With my mind still full of a new show of contemporary religious art that opened yesterday in St. Louis, I finally got around to checking out an interview about religion in poetry that was sent to me recently by Peter F. Alexander.
Peter Alexander is an Australian writer, critic and professor who wrote the definitive biography of the great Australian poet Les Murray. We are scoring Les' poem The Sydney Highrise Variations for 2009, and I have successfully tabbed Peter to help write some liner notes.
It's rather grand and romantic for me to say this, but I met Peter at The British Library in London. My little family was on vacation in Europe, and I happened to catch Peter gallivanting from library to library, tracking down rare documents. (As I recall, he was hunting for caches of letters by the South African writer Alan Paton, author of Cry, The Beloved Country.)
Peter seemed taken by the odd independence of what we do - set long poems to music without any institutional support whatsoever. His wife is an independent publisher of juvenile literature - that is, literature by juveniles, including literature by juveniles who went on to become famous writers as adults - so he understands something about unlikely and somewhat lonesome pursuits.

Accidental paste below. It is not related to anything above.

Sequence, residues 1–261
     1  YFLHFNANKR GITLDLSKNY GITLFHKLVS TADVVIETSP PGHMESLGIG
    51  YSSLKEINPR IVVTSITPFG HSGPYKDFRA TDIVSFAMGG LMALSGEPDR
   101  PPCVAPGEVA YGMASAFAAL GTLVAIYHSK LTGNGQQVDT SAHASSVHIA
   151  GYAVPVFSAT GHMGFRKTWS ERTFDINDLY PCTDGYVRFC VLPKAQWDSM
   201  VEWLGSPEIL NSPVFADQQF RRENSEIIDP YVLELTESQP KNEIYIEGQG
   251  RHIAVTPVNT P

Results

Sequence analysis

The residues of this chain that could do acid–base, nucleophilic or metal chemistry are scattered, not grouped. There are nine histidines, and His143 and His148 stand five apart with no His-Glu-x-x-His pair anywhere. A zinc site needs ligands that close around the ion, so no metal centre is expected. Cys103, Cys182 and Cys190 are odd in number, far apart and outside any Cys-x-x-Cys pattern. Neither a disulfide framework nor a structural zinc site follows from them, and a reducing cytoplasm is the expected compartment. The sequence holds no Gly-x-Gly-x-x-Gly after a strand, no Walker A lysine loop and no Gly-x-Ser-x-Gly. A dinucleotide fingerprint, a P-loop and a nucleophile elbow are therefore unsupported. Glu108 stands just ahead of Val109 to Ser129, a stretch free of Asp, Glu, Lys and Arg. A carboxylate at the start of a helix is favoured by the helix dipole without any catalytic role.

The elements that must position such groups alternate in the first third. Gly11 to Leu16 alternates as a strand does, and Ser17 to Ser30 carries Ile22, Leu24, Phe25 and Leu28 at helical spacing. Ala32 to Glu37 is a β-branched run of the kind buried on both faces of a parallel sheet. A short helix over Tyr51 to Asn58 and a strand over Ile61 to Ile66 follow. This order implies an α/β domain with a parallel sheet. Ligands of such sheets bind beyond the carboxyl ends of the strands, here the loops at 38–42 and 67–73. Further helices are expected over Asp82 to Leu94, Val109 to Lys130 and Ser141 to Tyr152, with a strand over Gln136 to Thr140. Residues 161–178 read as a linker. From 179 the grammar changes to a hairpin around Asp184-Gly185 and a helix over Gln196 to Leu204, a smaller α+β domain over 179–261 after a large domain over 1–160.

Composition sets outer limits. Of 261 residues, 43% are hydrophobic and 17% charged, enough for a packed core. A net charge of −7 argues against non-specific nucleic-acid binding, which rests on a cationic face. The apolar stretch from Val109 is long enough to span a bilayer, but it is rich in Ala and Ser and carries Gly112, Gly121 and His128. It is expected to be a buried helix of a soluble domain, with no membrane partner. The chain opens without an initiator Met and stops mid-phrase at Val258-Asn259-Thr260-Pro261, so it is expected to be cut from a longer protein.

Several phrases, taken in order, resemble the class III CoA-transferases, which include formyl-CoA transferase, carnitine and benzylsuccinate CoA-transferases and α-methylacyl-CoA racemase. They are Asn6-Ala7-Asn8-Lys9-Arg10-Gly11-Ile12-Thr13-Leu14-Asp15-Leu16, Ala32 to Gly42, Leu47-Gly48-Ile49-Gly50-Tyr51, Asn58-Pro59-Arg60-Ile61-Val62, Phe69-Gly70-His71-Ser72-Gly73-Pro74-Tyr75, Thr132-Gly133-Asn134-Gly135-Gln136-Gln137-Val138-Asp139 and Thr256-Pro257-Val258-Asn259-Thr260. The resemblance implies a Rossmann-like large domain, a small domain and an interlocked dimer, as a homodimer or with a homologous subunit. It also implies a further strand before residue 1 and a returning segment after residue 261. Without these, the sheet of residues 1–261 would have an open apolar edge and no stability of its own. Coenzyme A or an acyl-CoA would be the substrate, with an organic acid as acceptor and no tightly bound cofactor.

I have a feeling that Peter and I will always remember that first meeting, long after our Les Murray project is behind us. While we were talking at The British Library, he took a call. His adult son, who has a health condition, had taken ill in a remote location in Papua, New Guinea and was being helicoptered to safety.
Peter received this remarkable news by cell phone, just as we were speaking. It lent a different dimension to our conversation about oddball artistic puruits. It also brought an unexpected intimacy between strangers.
Back in the U.S., we learned his son was rescued and returned to health and civilization.
At any rate, the Australian Broadcasting Corporation interview with Peter about Les Murray's religious poetry is available online as audio and transcript. It appeared on The Spirit of Things, hosted by Rachael Kohn.
The whole interview is worthwhile, but this bit by Peter seems especially true of the religious dimension of Les Murray's work:
"He has a whole series of poems in which he doesn't argue, but just asserts, or shows that religious belief is something ordinary and everyday and maybe omnipresent, and it's that element of religion which unites human beings and makes us see our common humanity. One of the best elements of course, of religions is one of the things he's stressing. So what he's focusing on is the kind of casual, demotic quality of religious belief and religious expression in Australia, and he does so in a slangy, often jokey way, which makes it seem very ordinary, but also very extraordinary, and that's one of the best things he does for it, I think."
Snapshot is of Les Murray browsing my library in The Skuntry Museum in its original Long Island location, looking for a book to read on the flight back to Australia. (He picked out a detective trilogy set in Nazi Berlin, but then decided not to borrow it after all.)